Rachel Carson’s wonderful book on the ocean,The Sea Around Us, is perfect beach reading.  Carson is best known for Silent Spring by, a groundbreaking work about the side effects of pesticides that led to important changes in environmental law. Written in a style often described as poetic,The Sea Around Us fosters an appreciation for the ecosystems within and around the world’s oceans and seas.
Another great book is Bury My Heart at Wounded Knee by Dee Brown. If you are looking for a compelling story, this tragic tale of the American West will not disappoint.  It is rich in reminders that people and land are connected, and severing those connections can have dire consequences indeed.

For the financially concerned, try The Ecology of Commerce: A Declaration of Sustainability by Paul Hawken. The false idea that business has to choose between profit and environmental protection is reinforced over and over in today’s political climate.  Hawken proposes a new, sustainable business model that is already gaining traction at corporations like Nike.

The Ecology of a Cracker Childhood by Janisse Ray is another must-read. It’s a fascinating story of growing up as the daughter of a junkyard owner in southern Georgia’s longleaf pines, and the relationship between families and nature.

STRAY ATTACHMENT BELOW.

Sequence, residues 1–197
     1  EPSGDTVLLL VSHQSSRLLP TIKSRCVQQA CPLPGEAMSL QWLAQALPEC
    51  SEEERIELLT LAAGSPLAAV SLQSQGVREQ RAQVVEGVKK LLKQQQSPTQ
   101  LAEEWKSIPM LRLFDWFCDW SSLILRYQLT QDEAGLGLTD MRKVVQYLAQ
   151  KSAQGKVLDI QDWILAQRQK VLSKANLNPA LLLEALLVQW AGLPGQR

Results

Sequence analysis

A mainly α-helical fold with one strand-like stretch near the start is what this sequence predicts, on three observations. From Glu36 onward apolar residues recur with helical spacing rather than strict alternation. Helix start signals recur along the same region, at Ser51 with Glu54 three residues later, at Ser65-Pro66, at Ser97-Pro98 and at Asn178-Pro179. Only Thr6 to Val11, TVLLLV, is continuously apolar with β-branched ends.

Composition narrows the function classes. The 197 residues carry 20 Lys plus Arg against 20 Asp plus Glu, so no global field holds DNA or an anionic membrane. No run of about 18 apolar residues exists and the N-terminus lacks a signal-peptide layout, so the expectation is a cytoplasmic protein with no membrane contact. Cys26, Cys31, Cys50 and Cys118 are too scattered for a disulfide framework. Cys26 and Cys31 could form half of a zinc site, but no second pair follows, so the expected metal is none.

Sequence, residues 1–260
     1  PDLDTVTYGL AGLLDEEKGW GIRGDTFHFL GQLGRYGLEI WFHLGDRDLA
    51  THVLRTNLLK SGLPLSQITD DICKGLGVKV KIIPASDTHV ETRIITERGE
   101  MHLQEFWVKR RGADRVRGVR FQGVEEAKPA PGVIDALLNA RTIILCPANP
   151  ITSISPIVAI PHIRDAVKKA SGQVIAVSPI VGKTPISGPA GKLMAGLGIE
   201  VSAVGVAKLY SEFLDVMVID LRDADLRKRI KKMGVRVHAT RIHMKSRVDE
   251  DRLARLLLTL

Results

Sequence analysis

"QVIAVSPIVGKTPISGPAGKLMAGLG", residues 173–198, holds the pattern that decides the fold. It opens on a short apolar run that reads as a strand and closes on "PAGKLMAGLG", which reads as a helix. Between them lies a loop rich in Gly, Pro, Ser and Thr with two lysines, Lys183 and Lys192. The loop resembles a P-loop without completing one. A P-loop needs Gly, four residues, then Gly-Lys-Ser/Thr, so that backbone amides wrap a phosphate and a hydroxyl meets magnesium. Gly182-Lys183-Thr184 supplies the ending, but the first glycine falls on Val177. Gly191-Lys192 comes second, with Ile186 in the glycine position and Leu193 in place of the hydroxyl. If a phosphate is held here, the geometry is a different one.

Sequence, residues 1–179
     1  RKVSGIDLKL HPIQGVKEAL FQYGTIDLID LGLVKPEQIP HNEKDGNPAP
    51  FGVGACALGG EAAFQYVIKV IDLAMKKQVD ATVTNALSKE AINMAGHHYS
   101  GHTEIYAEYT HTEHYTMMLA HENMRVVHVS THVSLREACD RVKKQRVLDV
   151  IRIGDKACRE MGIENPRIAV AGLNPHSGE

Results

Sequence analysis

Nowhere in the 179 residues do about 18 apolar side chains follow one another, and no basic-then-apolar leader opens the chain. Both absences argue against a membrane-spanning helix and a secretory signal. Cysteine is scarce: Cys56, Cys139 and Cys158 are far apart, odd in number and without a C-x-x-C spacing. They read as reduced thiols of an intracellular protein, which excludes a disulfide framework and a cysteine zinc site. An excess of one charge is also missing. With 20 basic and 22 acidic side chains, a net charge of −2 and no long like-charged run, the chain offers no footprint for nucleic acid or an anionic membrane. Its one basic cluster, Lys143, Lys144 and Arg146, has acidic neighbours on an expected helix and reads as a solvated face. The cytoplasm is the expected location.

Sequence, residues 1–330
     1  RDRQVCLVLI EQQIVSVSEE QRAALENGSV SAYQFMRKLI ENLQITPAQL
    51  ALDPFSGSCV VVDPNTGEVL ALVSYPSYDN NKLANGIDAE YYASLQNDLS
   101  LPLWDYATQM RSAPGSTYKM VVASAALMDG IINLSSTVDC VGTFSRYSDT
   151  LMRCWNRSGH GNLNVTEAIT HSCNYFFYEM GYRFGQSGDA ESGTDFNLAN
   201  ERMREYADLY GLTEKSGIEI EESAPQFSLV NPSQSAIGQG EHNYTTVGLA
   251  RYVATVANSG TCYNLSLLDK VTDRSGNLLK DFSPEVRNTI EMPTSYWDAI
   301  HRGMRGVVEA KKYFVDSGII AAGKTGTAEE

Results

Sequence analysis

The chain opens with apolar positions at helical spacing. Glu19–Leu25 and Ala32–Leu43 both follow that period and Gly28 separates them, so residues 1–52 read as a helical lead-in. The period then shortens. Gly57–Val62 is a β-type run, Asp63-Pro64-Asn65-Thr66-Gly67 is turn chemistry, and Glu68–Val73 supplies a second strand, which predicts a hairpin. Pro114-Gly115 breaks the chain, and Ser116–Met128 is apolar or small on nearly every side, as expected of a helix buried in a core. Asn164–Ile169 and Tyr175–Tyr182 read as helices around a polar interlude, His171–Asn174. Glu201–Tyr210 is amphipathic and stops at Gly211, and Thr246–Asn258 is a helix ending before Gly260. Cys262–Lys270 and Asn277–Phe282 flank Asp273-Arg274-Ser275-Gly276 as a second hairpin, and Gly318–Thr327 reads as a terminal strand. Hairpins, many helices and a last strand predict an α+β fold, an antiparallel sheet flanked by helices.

These are but a few of the many works of fiction and non-fiction with a focus on ecology. Ask your local librarian or search the internet for more ideas, and launch a summer nature reading program of your own! 

And if you’d like more information about conserving New Jersey’s precious land and natural resources, please visit the New Jersey Conservation Foundation’s website at or contact me at



'Trees don't vote' but Byrne saved Pine Barrens anyway

Governor-elect Murphy should set new course on the environment

Protect soils to keep the garden in our state

Clean, plentiful water is New Jersey's lifeblood

A breath of fresh air for New Jersey?

Keep Liberty State Park free and open

A green agenda for Governor-elect Murphy